Unraveling Ribosomes and Breaking Barriers
Prof. Ada Yonath is a true pioneer - discovering, spearheading and constantly challenging the boundaries of what we know. Not only was she the first woman from the Middle East to win a Nobel Prize, but she was also the first woman in 45 years to win the award in Chemistry.
The sixth edition of Newton Speaks saw Dr. Ada E. Yonath - Israeli protein crystallographer who was awarded the 2009 Nobel Prize in Chemistry - take us through an engaging conversation about ribosomes and new generation antibiotics.
Born in Jerusalem in 1939 to a poor family, Yonath’s childhood was not without its challenges. However, her curiosity knew no bounds, and she grew up questioning everything she saw and experienced. A true testimony to her curiosity was her first experiment which she conducted enthusiastically at the young age of five. She set out to find the height of the ceiling of their family’s apartment by stacking the furniture in the house. The experiment was short-lived and concluded with a broken arm. But her mind refused to stop questioning and, if anything, made her more curious of the world around her.
Owing to her poor financial background and the death of her father at an early age, Yonath learned to make ends meet by working numerous odd jobs, from tutoring to cleaning chemistry labs. These years of hardship taught her to be resilient and pursue her dreams without fear. She got her bachelor’s degree in Chemistry and master’s in Biochemistry from the Hebrew University in Jerusalem and soon went on to complete her PhD from the Weizmann Institute of Science.
Most of her work is centred around protein biosynthesis, which is performed by ribosomes. Also called the cell’s protein factories, ribosomes are composed of a large number of protein molecules and RNA. They are notoriously unstable and therefore their crystallization was considered impossible. Since the late 1970s, most of the scientists had already tried and failed to obtain any crystalline form from ribosomes, but Yonath decided to pursue this challenge. Many called her a dreamer, a fantasizer and even a village idiot, but she continued to pursue her unconventional idea and kept moving forward. After six years she obtained suitable crystals but then found out that they don’t survive the measurements by the X-rays. Then she pioneered a new approach that involved exposing ribosome crystals to cryo-temperature during X-ray measurement. This method, called cryo-biocrystallography, is now a standard research procedure in structural biology.
(Cryo-cooling apparatus developed by Dr. Ada Yonath)
Yonath and her colleagues made a staggering 25,000 attempts before they succeeded in creating the first ribosome crystals in 1980. Over the next 20 years, they continued to improve their technique and finally, teams at Weizmann and the Max Planck Institute in Germany – both headed by Yonath – solved, for the first time, the complete spatial structure of both subunits of a bacterial ribosome. This breakthrough discovery earned Yonath her Nobel Prize along with Venkatraman Ramakrishnan and Thomas A. Steitz, who headed two independent groups in the same pursuit.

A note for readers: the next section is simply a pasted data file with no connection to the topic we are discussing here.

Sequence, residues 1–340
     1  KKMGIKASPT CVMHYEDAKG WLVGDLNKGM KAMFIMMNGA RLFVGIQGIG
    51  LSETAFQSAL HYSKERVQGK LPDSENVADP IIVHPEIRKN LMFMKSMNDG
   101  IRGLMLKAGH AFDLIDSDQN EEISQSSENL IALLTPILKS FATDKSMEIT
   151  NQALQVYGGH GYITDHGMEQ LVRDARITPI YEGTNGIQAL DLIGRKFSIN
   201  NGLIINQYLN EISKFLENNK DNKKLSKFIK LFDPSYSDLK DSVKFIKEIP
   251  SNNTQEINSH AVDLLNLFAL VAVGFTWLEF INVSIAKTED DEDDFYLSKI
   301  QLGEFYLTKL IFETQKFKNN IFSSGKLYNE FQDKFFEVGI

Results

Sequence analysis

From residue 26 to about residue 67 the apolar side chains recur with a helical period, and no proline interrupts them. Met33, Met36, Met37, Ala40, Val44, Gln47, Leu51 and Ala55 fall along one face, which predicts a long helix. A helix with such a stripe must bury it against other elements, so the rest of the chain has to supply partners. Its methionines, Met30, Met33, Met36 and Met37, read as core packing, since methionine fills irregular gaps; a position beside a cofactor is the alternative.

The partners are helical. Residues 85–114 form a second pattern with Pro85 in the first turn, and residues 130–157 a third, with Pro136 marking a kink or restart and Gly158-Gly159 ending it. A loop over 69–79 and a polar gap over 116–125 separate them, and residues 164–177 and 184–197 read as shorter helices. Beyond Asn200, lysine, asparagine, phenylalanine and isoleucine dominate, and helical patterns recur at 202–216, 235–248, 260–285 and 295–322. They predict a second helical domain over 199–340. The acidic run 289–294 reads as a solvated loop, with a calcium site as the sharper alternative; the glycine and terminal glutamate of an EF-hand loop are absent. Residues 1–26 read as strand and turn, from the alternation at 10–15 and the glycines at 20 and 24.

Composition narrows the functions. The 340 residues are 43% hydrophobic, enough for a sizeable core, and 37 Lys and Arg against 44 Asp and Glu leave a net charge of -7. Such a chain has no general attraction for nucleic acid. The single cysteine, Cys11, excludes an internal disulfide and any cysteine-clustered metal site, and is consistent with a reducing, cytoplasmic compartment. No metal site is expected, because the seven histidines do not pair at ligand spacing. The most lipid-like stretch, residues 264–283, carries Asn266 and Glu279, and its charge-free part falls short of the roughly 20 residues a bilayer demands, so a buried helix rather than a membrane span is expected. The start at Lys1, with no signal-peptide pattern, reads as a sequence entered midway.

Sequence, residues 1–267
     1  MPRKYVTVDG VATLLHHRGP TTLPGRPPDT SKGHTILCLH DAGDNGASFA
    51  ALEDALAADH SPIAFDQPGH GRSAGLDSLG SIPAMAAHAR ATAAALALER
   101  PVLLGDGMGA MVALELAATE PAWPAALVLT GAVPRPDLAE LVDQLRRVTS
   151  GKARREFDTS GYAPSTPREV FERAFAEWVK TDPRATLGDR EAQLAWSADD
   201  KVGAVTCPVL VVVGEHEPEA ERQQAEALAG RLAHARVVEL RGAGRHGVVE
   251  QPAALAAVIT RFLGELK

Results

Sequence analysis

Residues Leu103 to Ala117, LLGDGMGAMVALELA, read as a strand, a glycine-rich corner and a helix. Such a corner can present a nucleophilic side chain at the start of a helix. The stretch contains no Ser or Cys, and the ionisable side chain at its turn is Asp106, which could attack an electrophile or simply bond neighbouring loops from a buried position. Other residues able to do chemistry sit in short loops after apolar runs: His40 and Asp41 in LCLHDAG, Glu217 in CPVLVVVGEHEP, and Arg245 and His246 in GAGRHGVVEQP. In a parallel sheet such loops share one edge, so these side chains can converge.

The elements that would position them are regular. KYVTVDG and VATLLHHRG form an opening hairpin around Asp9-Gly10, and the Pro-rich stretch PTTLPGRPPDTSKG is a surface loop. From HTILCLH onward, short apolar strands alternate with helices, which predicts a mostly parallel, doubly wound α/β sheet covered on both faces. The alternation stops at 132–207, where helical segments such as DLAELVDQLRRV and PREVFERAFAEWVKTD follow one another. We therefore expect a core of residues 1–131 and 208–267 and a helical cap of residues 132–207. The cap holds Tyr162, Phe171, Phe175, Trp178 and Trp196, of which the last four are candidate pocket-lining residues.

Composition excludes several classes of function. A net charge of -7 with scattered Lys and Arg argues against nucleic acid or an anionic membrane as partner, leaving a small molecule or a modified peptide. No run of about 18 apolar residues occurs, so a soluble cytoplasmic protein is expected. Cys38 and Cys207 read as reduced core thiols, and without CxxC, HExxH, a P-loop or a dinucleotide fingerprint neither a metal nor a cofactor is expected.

Her subsequent research discovered the mechanism of action of five antibiotic drugs and identified exactly how each of the antibiotics binds to the bacterial ribosome, shutting off protein production. Her findings, which have stimulated intensive research worldwide, are crucial for developing advanced antibiotics. For her exceptional work in this field, she received numerous other honours and awards throughout her career, including the Louisa Gross Horwitz Prize for Biology or Biochemistry in 2005, the Paul Ehrlich and Ludwig Darmstaedter Prize in 2007, and the Albert Einstein World Award of Science in 2008.
Just after her fascinating talk about her research, Yonath shared with the audience her latest discoveries and developments in this field, post-Nobel. The Q&A session at the end of the talk included a wide range of questions on ribosome structure, modern techniques and antibiotics resistance. Her passion for this subject was made more evident by her detailed and energetic responses to the questions. What was most striking was her willingness to say “I don’t know”, when questions fell outside her area of expertise. Given her life story and work, it is not surprising that her advice to excel in this domain is to simply “Be curious”.
Many would consider Yonath’s voice a refreshing addition to the STEM community, one which has largely been dominated by men. One prominent question asked during the event was about her opinion on the lack of women in the field of STEM. She believes that one of the reasons for this could be because women are not encouraged to become scientists. However she pushed herself to pursue her scientific career and while she was within the field, never felt a victim of gender discrimination. Her experiments and techniques were constantly questioned, not because she was a woman, but because of the skepticism that came with the feat.
(A caricature drawn by the Israeli artist MICHEL KICHKA, as a present to Ada Yonath when she won the Nobel Prize in 2009. His works can be found here- https://fr.kichka.com/)
A heartwarming moment in the talk was when she proudly presented her granddaughter’s certificate painting that said ‘The grama of the year is Ada Yonath!’. While society questions the ability of women to have a healthy home life along with a successful career, Yonath has demonstrated through her life that women do not have to choose one over the other.
Prof. Ada Yonath’s story is relevant today because of the example it sets. She has shown that some risks are worth taking even when the results are unclear, not because of the recognition it brings when it pays off, but because of the experiences gained even when it does not.
Anna Susan Cherian and Gauri Nair V.